“In Christ University, there will be entrepreneurial leadership training sessions for graduate and undergraduate honor students. This would be somewhat similar to what Dr. Clint Longenecker [Stranahan Distinguished University Professor] has already been doing with the Klar Leadership Academy at UT. I am grateful for this Fulbright scholarship grant, which provides necessary funds, scholarly credibility to engage in reputable work, and collaborative research network formation.”

The Fulbright Program aims to increase mutual understanding between the people of the United States and the people of other countries, and is the flagship international educational exchange program sponsored by the U.S. government. As a Fulbright Scholar, Hong will have the opportunity to work collaboratively with international partners in educational, political, cultural, economic and scientific fields.

“The key is a global perspective,” Hong explained. “What I emphasize to students here is to go beyond a tri-state perspective; our students can work with companies from around the world because their technical and communication and relationship skills are very good. They are prepared to go anywhere.

“Through my work as a Fulbright Scholar, I can help our students engage with those students and companies, and this provides a great opportunity to further understand their growing market potential. Growth through global engagement and a lot of businesses will benefit. This increasing strategic initiative will continue a lot of opportunity and will benefit students who work in the the United States.”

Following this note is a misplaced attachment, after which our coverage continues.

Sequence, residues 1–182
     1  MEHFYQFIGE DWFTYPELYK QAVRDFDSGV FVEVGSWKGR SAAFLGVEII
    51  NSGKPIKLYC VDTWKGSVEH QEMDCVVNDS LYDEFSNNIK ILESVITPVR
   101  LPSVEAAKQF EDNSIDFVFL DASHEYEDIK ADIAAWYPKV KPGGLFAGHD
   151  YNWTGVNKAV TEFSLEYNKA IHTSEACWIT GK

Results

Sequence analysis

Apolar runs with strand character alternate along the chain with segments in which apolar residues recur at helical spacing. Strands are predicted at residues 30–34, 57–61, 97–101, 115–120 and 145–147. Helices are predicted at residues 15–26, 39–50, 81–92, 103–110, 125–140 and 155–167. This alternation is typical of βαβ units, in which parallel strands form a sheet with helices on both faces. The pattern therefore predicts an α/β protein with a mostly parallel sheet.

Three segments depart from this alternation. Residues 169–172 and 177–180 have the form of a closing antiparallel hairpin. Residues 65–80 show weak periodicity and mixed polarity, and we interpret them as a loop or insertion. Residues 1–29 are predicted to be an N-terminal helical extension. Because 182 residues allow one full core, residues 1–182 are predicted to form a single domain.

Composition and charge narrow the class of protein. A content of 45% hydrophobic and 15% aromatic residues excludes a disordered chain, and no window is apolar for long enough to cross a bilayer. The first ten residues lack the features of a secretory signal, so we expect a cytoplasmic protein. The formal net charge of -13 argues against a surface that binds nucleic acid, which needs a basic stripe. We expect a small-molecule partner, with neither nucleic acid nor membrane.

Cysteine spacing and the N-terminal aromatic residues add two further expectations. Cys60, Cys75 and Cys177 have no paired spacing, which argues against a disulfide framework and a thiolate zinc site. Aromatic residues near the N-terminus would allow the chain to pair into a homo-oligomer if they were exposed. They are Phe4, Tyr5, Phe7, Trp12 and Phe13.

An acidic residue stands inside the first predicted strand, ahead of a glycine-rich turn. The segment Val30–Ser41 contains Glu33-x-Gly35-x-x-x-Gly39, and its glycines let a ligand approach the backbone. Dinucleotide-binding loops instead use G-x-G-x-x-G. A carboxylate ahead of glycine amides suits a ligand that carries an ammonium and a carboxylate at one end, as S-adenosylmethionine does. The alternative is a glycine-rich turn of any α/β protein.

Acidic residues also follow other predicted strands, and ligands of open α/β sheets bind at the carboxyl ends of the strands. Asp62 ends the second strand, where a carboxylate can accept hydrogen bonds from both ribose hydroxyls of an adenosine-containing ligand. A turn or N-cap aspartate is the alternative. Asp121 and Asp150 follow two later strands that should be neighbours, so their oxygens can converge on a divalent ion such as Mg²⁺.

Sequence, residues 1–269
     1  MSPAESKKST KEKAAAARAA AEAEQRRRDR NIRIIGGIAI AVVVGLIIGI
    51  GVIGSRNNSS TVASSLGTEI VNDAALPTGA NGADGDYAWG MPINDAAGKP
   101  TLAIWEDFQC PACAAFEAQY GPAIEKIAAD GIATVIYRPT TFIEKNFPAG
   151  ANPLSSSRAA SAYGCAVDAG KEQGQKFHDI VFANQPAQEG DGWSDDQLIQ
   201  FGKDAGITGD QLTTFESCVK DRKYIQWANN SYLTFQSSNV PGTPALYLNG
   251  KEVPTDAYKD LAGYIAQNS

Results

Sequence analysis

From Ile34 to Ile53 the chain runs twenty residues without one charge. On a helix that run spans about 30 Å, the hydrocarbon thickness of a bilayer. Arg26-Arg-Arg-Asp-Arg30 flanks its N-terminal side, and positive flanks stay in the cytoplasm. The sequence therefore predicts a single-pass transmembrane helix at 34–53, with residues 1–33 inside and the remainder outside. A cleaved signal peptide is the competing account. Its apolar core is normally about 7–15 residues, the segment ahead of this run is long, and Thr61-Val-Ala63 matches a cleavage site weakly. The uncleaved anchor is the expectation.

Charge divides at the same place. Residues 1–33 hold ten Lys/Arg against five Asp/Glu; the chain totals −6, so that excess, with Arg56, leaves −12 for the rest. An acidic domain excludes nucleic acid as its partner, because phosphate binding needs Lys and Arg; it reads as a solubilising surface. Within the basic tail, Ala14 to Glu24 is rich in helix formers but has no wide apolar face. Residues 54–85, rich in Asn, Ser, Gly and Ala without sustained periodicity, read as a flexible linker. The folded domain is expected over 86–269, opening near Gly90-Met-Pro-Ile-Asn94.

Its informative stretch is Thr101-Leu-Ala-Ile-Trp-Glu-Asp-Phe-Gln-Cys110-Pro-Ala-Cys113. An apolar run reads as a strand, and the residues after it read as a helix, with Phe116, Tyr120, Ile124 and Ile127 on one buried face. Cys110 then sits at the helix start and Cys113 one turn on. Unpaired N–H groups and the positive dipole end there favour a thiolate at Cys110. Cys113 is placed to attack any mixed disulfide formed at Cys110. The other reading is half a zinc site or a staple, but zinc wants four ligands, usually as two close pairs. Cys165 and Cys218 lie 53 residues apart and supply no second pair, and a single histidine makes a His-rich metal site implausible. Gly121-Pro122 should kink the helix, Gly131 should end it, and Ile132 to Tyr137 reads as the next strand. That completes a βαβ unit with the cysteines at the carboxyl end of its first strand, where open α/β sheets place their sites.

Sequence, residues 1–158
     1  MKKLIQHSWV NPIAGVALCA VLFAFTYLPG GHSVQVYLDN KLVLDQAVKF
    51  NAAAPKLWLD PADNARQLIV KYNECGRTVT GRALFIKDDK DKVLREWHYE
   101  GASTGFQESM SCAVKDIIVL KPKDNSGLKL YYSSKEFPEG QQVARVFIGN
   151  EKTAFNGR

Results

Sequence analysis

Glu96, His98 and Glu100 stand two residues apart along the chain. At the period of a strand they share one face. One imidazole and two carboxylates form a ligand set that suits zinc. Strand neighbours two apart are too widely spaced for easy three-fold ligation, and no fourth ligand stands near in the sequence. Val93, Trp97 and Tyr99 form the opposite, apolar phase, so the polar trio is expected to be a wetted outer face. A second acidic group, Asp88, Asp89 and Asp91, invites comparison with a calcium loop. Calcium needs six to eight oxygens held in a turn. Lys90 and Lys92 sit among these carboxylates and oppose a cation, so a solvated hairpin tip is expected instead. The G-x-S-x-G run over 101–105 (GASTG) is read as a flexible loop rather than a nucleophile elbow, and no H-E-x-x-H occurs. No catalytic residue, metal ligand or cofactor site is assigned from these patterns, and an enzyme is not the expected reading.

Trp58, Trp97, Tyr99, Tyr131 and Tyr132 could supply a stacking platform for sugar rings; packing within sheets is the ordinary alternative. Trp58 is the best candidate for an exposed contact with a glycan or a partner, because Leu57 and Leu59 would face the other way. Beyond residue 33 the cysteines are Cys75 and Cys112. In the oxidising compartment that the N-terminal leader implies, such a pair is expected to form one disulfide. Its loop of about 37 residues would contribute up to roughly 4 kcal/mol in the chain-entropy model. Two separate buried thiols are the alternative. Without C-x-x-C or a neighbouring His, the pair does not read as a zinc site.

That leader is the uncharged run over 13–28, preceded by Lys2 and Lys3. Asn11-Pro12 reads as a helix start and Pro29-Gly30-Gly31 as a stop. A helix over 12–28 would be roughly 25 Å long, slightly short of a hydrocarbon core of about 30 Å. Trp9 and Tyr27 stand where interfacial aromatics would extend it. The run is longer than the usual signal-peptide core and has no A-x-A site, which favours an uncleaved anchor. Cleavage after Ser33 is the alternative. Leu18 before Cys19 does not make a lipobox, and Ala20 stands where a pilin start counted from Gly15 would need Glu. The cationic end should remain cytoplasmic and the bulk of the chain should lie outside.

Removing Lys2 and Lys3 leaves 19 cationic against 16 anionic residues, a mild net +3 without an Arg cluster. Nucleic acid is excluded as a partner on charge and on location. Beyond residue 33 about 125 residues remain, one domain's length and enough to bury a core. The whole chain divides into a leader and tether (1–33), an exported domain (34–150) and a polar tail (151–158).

Hong added, “Fulbright is very service-minded, and I view this as a service opportunity.”

Budding conservation biologists go birding at Warbler Capital of the World

As songbirds begin to stop, rest and refuel along Lake Erie marshes before finishing the last leg of their spring migration to Canada, a class of environmental science students at The University of Toledo learned firsthand how researchers collect data and what the long-term patterns teach about climate change.

“I had zero experience with birding,” UT senior Alexa Seaman said. “I heard this area is called the Warbler Capital of the World. Now I know why.”